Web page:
The L Word cast marked Lesbian Visibility Week with historic White House visit: ‘We see you’

The L Word cast and crew at the White House. (C-Span)

With Lesbian Visibility Week under way, who better to represent the community in the White House than the cast and crew of beloved queer series, The L Word: Generation Q?

Actresses Jennifer Beals (Bette), Leisha Hailey (Alice) and Kate Moennig (Shane), along with series co-creator and executive producer Ilene Chaiken, joined the White House’s first ever openly gay press secretary, Karine Jean-Pierre, for a powerful display.

Showtime series The L Word: Generation Q is a 2019 reboot of the hugely influential series The L Word – which ran between 2004 and 2009 and revolutionised representation on screen for lesbians and queer women by reflecting the stereotypes, challenges and every-day ups and downs.

This trailblazing legacy was confirmed by Jean-Pierre, who introduced the briefing, by saying: “As a young queer woman of colour, I felt alone and sometimes invisible. For so many people in our community, The L Word‘s impact cannot be understated.

“Being able to see diverse narratives that reflect our lives is incredibly important. It is important that young people see characters on television and in books who[m] they can relate to, whose life stories and identities inspire them to reach their highest potential.”

The series follows a group of LGBTQ+ friends living in Los Angeles, and, as Chaiken said: “We learned by the beautiful response to our show how profoundly important it is for people, particularly young people, to see themselves reflected in our entertainment culture, and to know that they’re embraced, valued and not alone

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“But we’re painfully aware that our struggles are far from over.” 

Despite bringing back fan favourite characters such as Fletcher and even redeeming Daniel Sea’s trans character Max, Generation Q was cancelled last month, after three seasons. Fans mourned as it became another LGBTQ-centric show to have the plug pulled across streaming platforms.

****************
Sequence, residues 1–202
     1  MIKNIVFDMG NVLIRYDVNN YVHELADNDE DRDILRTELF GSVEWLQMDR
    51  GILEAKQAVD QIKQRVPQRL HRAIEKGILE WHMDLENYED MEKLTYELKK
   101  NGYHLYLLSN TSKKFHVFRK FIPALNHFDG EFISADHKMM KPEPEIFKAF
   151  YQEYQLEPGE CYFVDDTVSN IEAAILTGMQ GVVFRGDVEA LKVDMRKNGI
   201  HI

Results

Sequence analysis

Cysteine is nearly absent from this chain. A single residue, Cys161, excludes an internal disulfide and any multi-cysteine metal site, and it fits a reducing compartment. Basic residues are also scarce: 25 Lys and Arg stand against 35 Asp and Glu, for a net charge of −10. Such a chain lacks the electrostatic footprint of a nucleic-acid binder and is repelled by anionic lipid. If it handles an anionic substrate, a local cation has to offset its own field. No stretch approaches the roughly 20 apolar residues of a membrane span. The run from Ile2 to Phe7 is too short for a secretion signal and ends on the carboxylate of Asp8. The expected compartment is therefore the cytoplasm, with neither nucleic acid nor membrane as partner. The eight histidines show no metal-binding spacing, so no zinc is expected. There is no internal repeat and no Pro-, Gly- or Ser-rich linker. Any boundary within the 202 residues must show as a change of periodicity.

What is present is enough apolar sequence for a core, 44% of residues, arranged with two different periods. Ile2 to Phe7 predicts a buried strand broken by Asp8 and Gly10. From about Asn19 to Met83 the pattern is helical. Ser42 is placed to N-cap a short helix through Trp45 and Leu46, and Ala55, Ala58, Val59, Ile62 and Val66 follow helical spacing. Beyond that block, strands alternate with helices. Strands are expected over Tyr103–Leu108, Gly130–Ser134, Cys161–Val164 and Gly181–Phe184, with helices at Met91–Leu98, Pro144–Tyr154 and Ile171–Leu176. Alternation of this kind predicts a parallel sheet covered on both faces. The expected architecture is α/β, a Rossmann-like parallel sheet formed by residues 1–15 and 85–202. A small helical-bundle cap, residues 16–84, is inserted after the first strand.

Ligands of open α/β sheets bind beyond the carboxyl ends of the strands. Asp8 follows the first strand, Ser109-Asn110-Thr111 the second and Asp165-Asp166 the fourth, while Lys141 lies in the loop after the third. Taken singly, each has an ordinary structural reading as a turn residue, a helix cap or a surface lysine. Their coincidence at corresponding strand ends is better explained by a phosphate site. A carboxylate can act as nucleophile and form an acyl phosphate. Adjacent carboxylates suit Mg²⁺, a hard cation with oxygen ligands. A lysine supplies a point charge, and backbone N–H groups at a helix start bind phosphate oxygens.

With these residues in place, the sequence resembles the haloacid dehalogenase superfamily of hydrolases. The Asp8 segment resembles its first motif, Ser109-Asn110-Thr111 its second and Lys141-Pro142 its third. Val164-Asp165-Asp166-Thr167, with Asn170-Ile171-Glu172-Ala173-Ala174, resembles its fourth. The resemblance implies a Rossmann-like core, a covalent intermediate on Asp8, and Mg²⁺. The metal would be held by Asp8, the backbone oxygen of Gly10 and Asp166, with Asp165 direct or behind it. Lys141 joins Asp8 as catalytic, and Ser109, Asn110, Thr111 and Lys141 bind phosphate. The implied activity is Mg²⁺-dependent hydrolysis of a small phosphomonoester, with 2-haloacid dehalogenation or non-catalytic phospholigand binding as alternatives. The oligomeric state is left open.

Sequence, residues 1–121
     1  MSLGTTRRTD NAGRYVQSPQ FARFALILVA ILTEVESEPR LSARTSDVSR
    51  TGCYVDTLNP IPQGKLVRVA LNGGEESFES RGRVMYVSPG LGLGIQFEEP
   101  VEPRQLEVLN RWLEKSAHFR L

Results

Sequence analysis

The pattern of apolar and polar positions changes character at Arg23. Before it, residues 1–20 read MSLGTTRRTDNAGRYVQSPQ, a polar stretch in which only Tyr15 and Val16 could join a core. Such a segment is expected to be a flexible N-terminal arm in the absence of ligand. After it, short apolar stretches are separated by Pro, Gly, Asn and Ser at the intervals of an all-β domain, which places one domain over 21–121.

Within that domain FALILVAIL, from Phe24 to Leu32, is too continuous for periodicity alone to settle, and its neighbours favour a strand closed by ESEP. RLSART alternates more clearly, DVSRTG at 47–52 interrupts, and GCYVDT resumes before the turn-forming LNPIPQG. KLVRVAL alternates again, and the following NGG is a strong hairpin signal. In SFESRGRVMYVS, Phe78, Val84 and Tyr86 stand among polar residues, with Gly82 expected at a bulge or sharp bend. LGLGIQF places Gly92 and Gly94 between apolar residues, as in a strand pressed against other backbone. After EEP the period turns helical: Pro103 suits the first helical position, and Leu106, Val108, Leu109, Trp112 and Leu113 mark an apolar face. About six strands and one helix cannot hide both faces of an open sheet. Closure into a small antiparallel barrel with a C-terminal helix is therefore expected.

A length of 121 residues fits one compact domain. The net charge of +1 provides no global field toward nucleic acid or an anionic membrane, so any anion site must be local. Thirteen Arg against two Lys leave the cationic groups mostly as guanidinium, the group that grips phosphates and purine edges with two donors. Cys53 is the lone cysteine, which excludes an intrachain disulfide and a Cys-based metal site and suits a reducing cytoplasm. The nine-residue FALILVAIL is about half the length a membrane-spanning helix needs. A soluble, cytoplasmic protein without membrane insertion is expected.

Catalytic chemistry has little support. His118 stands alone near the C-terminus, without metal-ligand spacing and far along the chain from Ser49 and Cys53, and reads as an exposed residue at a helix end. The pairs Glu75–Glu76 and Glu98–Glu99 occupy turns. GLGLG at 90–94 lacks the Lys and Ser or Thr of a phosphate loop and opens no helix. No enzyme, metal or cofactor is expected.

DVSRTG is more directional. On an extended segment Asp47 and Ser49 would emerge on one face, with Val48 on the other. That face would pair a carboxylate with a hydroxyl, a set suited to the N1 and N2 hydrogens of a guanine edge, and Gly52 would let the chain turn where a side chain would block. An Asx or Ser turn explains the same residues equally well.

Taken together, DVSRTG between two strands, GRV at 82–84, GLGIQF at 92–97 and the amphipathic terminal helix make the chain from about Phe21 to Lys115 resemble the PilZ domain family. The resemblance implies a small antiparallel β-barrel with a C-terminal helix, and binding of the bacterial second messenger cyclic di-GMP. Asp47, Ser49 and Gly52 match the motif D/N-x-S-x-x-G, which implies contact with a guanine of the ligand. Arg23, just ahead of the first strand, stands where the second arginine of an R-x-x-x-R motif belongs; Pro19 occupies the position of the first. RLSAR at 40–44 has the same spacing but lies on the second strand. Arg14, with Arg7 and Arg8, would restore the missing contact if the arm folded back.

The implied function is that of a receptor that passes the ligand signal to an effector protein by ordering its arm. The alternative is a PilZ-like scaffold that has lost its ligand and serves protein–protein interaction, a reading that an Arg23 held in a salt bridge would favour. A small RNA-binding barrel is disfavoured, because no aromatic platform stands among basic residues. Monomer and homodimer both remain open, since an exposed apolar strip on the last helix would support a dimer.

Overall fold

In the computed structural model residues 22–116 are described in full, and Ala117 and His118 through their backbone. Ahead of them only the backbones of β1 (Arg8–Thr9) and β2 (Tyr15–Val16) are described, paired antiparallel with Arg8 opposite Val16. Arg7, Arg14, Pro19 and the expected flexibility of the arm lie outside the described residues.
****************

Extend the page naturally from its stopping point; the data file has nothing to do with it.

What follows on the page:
The slew of cancellations comes alongside increasingly rampant anti-LGBTQ+ legislation being rolled out across the US, targeting drag and trans youth as well as banning LGBTQ+ books from libraries and schools.

Chaiken reiterated that the LGBTQ+ community was battling new threats from “astonishing, backward, mean-spirited” people trying to “deny our humanity”. She pointed to online harassment, “legislative acts of violence” and “actual acts of violence” at the root of the hatred.

The L Word: Generation Q cast. (Showtime)
The cast of The L Word: Generation Q. (Showtime)

“We’ve been fighting this fight for generations,” she continued, “and will never stand down. They may try to erase our stories from classrooms and libraries, but we’re here. We’re here today at the White House. And we won’t be erased.”

Referring to the importance of Lesbian Visibility Week, Hailey added: “Visibility starts in our homes and our communities. Even if it feels like you’re under attack, know that we see you.”

Jean Pierre confirmed that the cast and crew of the show would be meeting with LGBTQ+ staff members in the Biden-Harris administration to discuss plans “to advance full equality for our community”.

Although Generation Q has been cancelled, a new spin-off, also written by Chaiken, is in the works and is tipped to be set in New York.